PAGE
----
Cardiometabolic Health

Cardiometabolic health is a relatively new term that encompasses cardiovascular and metabolic diseases, including type 2 diabetes and metabolic syndrome. Collectively, such conditions are the leading cause of preventable death worldwide. They all share similar risk factors (e.g., overweight/obesity, elevated blood pressure) which can be modified by diet and lifestyle choices. The available evidence indicates that eggs, when consumed as part of an overall healthy diet pattern, do not affect risk factors for cardiometabolic disease. Recent recommendations from the American Heart Association, American College of Cardiology and American Diabetes Association do not limit egg or cholesterol intake, a change from earlier guidance from these organizations. In fact, several global health organizations, including Health Canada, the Canadian Heart and Stroke Foundation, the Australian Heart Foundation and the Irish Heart Foundation, promote eggs as part of a heart-healthy diet.

Given the public health significance of understanding cardiometabolic diseases, research on risk reduction remains an active area of pursuit. For example:

  • A randomized controlled study in people with metabolic syndrome showed that those consuming three whole eggs per day as part of a reduced carbohydrate diet experienced favorable changes in HDL-cholesterol, insulin sensitivity, and other aspects of the lipoprotein lipid profile
  • A randomized controlled weight loss trial in people with diagnosed type 2 diabetes showed improved lipid and glucose markers following consumption of 2 eggs per day for 12 weeks.
  • An egg-based breakfast, rich in protein (35% energy; 26.1 g egg protein), promoted glycemic control in people with type 2 diabetes and pre-diabetes relative to a high-carbohydrate breakfast.

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Meta-Analysis Suggests No Relationship Between Eggs & Elevated CHD Risk

A new study titled “egg consumption and risk of coronary heart disease and stroke: dose-response meta-analysis of prospective cohort studies” appeared in the January issue of the British Medical Journal (BMJ). The study was co-authored by researchers from various Chinese universities and researchers from the Harvard School of Public Health. The authors scoured the literature from 1966 to 2012 for appropriate studies that examined the association between egg consumption and risk of coronary heart disease (CHD). Their primary conclusion: the analysis did not support a relationship between higher egg consumption and elevated risk of CHD and stroke.

When considering potential reasons for their results the researchers pointed out, among other things, that the effects of dietary cholesterol on serum cholesterol levels are relatively small. They also pointed out that overall dietary patterns and saturated fat intake likely have much greater influence on serum cholesterol levels than does dietary cholesterol.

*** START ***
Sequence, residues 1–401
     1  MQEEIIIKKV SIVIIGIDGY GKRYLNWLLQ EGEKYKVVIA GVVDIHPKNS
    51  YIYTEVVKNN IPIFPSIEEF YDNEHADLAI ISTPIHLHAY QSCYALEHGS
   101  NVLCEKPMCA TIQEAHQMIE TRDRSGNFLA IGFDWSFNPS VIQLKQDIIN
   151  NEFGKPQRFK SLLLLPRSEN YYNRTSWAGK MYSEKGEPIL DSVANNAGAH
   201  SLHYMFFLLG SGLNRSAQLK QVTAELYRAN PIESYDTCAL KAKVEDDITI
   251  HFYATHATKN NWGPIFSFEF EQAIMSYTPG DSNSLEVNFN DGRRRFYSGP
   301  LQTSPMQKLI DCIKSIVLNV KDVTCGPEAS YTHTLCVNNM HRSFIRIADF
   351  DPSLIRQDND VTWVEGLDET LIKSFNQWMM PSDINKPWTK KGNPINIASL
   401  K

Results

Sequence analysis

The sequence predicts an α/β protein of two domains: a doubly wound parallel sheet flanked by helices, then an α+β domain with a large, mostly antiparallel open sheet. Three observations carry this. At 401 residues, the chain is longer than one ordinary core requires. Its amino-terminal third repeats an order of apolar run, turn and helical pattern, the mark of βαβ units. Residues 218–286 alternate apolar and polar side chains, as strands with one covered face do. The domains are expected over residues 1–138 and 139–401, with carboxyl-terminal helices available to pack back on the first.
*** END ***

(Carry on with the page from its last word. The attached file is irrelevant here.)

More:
From my perspective, these data uncover an issue with much of the traditional dietary cholesterol advice offered by some public health organizations. When recommendations are made that we eat cholesterol-containing foods judiciously, I believe that this guidance is based on either A) erroneous conclusions that dietary cholesterol itself greatly impacts serum cholesterol levels, or B) conclusions that because most foods high in cholesterol also tend to be high in saturated fat, it is prudent to limit cholesterol intake as a means of keeping overall fat intake low, or C) neglect of the impact that overall diet has on CHD risk.

Regarding point B above, how should one view foods that tend to be relatively high in cholesterol and relatively low in saturated fat- -foods like eggs or shellfish? Based on the BMJ study it appears that these foods tend to get a bit of a “bum rap.” For most folks, dietary cholesterol does not greatly impact serum cholesterol or disease risk, so it seems logical that eating foods of this nature should be perfectly fine, and certainly preferable to high cholesterol/high saturated fat alternatives. Further, regarding point C above, it is important to think about “the company that foods keep” when deciding the place of any individual food in the diet. So thinking about eggs in the context of a meal consisting of yogurt, low fat milk and a fruit cup is far different from a CHD risk perspective than eggs on a plate with high-fat meats and fried or heavily-buttered carbohydrates.

Bottom line- -studies like the recent BMJ study and others like it strongly suggest that dietary cholesterol is not the nutritional “boogeyman” we once thought it was, and that a highly nutritious food like the egg, despite its cholesterol content, can be a great staple in the diet.

Cholesterol & Heart Disease Guidance Worldwide

image-150x150Today’s blog post is written by Emmaline Rasmussen, previous Dietetic Intern at ENC. Emmaline studied Dietetics and Kinesiology at the University of Illinois at Chicago. She is an avid food and nutrition enthusiast as well as a certified yoga teacher.

What do adults in Canada, The United States, Australia and Ireland have in common? Other than living in a country where English is one of the primary languages, they all live in a country where the leading cause of death is Cardiovascular Disease (CVD). Each of these countries also has a national foundation or association dedicated to increasing CVD awareness. However each organization provides slightly different recommendations for how to decrease one’s risk for developing cardiovascular disease, but one common theme is the importance of lowering LDL, or “bad” cholesterol levels in the blood. In addition to lifestyle modifications that the organizations promote as strategies to lower LDL cholesterol levels (such as abstaining from smoking cigarettes and engaging in regular physical activity), they also all list several nutrition recommendations for promoting heart health.